The greenhouse gets growing

Elisha Chuey, Staff Writer

The greenhouse at Mayfield Middle School is up and running and giving students opportunities to learn in a new way.

Nathan Dick, eighth-grade science teacher, oversees the greenhouse with assistance from a small group of students in the Bridge to Success program.

“We can grow plants and we can take a look at science from a very hands-on perspective,” explained Mr. Dick.  “Every day we are working away in here in some way, shape, or form; typically, we are doing nutrient checks, we’re taking a look at the pH levels of the water…”

The hope is for the greenhouse to  serve as the basis for an eighth-grade elective for students interested in science. Students will use the scientific method to make adjustments to the environment for the best results.

As for what is currently growing in the greenhouse, Mr. Dick said, “The running joke is lettuce, lettuce, and more lettuce. We had about one hundred and fifty heads of lettuce come through.”

So far, the harvested food has been used for students to enjoy salads, lettuce wraps, and tacos. Some was shared with Mr. Reilly’s Health and Wellness class, which often cooks healthy meals.  In the future, it is the hope that the greenhouse will be able to supply a larger portion of what the Health and Wellness class needs for its recipes.

The current method being used in the greenhouse is hydroponic growing. This term refers to the method of growing things without soil.  Water is pumped up to the plants from basins below.  The green house is kept around 72 degrees, and while the glass roof lets in natural sunlight, there is also overhead lighting as well to offer light on cloudier days and seasons.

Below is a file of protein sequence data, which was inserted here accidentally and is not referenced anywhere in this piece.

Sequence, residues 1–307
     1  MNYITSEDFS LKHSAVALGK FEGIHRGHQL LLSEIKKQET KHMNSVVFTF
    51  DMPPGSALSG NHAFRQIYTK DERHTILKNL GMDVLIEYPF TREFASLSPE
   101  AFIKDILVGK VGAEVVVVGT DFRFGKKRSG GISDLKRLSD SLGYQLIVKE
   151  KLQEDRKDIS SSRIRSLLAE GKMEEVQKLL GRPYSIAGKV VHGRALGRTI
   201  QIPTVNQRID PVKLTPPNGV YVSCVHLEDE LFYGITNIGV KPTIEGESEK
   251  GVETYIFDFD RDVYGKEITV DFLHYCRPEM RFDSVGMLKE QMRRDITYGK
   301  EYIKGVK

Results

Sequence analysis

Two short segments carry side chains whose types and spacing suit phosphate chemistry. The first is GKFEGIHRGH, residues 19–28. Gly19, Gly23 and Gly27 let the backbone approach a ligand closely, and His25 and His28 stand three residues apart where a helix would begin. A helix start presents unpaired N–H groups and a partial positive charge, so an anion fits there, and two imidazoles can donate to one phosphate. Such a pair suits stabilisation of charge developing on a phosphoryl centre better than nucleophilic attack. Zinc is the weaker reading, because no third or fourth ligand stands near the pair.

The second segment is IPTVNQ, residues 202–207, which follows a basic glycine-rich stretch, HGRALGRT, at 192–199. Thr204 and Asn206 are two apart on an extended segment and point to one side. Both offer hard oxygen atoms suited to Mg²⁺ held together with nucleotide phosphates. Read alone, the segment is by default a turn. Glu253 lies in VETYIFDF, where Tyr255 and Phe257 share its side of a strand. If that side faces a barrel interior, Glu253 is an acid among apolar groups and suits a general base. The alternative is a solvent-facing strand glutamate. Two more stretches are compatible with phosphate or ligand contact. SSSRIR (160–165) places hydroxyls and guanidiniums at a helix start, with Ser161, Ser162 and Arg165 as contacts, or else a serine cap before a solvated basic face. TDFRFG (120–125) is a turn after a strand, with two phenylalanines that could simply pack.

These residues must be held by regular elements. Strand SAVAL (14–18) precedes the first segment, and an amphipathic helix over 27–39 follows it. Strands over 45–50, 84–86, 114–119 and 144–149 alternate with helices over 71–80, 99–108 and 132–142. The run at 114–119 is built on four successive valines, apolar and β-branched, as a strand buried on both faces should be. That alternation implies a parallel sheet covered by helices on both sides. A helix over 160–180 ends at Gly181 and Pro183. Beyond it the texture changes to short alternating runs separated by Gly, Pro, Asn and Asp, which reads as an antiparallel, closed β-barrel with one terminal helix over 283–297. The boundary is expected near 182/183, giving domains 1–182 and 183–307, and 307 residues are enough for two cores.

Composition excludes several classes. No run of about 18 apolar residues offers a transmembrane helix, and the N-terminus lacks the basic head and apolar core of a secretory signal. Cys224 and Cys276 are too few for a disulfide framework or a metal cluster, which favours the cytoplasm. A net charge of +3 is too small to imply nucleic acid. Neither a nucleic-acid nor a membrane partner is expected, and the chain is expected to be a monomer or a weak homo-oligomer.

In addition to lettuce, the greenhouse is currently growing cilantro, mint, and purple basil.

Mr. Dick says that the plan is to add rosemary and micro-greens such as broccoli in the near future. He will also be meeting with a company in March to set up vine growers, which would mean the addition of plants like tomatoes, peppers, and cucumbers to be harvested in May.

Although greenhouse growing may seem artificial, Mr. Dick says, “For the most part there are no toxins, no fertilizers, no pesticides. It’s about as natural as you can get in an artificial growing environment.” In fact, according to greenhouseplanter, “Plants that are grown inside a greenhouse are less exposed to harmful bugs and insects, hence they minimize the risk of diseases and pests.”

Yet, there were a few learning curves and mishaps in the early stages of the greenhouse. This is Mr. Dick’s first time working in a green house, so he is still learning.  He explained that one issue was with the oxygen levels inside the green house.  The solution was adding fans that would circulate more oxygen to the plants. Another issue was with bugs getting in through the vents.  They were removed by hand, then the plants were rinsed; and there has not been a recurrence.

For many, it seems like the greenhouse has been in the works for a while, and they’re right.  The company took one year to build the greenhouse, according to Mr Destino.  While students have seen the structure in the schools’s atrium for over a year, there were Covid-related delays in getting the materials inside set up for growing. Because of all of the delays, the greenhouse’s completion was about a year behind schedule.

Even through winter break, the plants’ growth was not deterred.  Mr. Dick stopped in a couple of times to check it on the water and nutrient levels, but he says that the greenhouse is pretty self-sustaining.

Although the exact direction of the greenhouse is not 100% clear, in the future, students can expect to see more greenery and color through the greenhouse windows as new plant varieties are added.